– cliffclof
    Dec 20 '16 at 23:48

Currently I am taking multiple photos, correcting their perspective, and stitching them together in a very crude way.

Yep, that's exactly the way to do it. Good, modern panoramic software should make this less crude. If you use a longer focal length and take many, many pictures, your result will be better — maybe somewhat painful, but you know what they say about free lunches.

If you do this a lot for some reason, you might consider creating a rig of some sort to make the repetition easier. For a one off, though, I'd use a tripod with a lot of variability in height — set it as low as possible, take a picture, move (possibly some gaffer tape on the floor to make it easy to know how much to move), click again, and repeat. Then, when you get to the end, raise the tripod, and go back the other way. (You become the "scanning wand", in effect.)


A series of slit photographs taken along a path parallel to the wall and over the length of the wall could be stitched together to provide an orthographic image. Not quite strip photography at the pixel level but the same general principle.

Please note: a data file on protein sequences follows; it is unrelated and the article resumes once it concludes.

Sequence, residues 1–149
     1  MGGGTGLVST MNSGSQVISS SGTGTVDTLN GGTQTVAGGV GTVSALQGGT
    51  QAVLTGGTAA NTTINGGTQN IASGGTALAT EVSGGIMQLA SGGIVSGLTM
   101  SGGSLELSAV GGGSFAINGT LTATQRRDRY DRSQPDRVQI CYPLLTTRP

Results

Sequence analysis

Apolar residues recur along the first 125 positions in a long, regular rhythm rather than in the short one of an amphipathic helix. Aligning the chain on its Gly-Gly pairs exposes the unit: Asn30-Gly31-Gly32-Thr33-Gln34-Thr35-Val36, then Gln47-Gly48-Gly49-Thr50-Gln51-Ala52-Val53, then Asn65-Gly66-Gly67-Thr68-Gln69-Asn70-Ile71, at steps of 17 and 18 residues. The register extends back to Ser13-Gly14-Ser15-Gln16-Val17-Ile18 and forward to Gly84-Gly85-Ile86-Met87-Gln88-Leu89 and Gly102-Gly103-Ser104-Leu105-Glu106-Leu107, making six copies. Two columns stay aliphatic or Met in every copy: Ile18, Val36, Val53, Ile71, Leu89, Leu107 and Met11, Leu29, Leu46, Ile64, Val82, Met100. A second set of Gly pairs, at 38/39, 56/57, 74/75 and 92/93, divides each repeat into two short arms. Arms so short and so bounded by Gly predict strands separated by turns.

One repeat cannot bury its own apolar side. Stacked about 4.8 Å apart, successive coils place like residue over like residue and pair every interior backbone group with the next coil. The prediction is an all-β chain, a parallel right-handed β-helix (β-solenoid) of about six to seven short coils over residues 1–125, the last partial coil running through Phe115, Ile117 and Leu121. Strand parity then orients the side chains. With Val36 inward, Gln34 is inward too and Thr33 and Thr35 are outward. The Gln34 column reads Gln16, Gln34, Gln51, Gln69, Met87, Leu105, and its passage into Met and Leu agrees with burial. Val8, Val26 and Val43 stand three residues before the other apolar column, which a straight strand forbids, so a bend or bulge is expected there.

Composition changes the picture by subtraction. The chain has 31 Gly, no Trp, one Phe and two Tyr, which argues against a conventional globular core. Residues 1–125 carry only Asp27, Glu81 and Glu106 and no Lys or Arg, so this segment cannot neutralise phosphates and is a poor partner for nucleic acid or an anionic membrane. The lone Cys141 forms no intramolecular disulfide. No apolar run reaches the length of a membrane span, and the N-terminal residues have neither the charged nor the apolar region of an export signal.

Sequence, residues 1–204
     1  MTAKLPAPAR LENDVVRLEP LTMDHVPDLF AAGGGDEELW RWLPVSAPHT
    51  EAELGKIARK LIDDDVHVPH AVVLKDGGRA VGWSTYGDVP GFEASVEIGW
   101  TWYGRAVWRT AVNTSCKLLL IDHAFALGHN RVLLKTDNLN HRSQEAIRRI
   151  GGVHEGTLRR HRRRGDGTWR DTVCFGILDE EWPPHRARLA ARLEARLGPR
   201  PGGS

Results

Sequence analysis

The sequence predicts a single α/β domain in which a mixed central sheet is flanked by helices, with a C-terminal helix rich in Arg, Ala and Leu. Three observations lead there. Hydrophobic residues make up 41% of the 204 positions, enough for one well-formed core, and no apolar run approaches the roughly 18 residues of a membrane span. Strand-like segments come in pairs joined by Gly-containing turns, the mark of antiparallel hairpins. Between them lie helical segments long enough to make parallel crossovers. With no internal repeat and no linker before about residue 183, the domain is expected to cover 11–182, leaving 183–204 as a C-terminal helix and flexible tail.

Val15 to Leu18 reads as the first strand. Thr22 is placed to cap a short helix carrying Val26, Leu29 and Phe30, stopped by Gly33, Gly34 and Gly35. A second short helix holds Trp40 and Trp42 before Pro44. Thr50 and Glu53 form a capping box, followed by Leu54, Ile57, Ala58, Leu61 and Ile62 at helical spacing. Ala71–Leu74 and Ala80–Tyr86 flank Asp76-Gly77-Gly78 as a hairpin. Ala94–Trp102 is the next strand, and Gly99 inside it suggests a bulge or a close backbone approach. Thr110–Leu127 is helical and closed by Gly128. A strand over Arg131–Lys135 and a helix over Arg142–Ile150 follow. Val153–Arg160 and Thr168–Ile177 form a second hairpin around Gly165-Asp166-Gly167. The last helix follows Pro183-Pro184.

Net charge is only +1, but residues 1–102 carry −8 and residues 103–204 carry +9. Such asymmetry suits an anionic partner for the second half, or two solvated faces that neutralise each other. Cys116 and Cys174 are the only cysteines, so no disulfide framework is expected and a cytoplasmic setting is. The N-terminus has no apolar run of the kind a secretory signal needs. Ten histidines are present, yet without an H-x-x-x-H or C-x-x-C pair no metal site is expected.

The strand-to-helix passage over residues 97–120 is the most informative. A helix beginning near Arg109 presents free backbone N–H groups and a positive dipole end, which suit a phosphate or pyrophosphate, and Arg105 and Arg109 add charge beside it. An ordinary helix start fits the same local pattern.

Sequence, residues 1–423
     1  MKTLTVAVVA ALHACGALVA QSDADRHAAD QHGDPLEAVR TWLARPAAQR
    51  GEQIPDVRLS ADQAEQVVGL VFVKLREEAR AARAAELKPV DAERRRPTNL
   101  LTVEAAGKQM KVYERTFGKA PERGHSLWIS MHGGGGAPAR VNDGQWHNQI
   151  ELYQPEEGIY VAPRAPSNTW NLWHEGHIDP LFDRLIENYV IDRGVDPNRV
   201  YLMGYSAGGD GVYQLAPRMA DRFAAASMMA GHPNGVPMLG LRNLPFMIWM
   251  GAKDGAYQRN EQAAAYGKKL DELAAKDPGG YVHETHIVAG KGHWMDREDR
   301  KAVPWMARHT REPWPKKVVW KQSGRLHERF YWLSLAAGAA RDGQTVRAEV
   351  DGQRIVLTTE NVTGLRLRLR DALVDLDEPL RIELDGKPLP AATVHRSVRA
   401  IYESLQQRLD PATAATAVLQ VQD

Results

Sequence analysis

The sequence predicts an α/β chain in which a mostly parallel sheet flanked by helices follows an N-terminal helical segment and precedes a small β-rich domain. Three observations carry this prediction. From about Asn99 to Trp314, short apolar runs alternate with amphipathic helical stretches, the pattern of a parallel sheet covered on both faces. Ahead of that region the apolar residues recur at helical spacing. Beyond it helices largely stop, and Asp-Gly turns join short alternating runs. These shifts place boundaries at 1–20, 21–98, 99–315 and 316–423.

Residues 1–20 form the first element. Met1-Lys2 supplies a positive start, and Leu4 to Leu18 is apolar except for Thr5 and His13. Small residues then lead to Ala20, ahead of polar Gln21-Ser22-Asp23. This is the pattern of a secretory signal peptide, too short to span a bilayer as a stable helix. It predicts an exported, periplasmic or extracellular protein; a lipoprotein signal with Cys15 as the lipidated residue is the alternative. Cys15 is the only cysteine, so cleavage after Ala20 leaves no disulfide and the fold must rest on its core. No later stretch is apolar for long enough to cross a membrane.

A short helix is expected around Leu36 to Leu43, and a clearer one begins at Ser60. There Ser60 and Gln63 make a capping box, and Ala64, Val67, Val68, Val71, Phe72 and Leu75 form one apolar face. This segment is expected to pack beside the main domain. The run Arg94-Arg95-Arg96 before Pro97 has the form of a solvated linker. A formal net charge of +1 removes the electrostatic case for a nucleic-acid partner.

Setting up a track along which to move the camera, measuring distances, and moving the camera with precision are more a less an engineering exercise in technical photography that has to balance effort and expense with the value of accuracy in the results.

Google experimented with [and rejected] a similar approach for Street View early on.

  • I like this link to strip photography and street view slides. That shows many examples useful in an inward and outward facing lens on a trajectory and fixed. Plus, Calvin and Hobbes.